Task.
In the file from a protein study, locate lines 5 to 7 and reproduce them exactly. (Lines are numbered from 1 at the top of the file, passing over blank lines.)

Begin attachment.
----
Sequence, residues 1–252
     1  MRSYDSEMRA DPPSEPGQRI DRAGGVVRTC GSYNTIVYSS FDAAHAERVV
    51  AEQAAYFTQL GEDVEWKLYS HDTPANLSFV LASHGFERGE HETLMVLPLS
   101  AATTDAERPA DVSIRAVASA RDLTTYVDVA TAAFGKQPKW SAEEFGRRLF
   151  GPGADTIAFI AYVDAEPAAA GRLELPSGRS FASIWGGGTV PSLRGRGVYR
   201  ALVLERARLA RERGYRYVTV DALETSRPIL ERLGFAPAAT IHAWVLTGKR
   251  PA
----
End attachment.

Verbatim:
   151  GPGADTIAFI AYVDAEPAAA GRLELPSGRS FASIWGGGTV PSLRGRGVYR
   201  ALVLERARLA RERGYRYVTV DALETSRPIL ERLGFAPAAT IHAWVLTGKR
   251  PA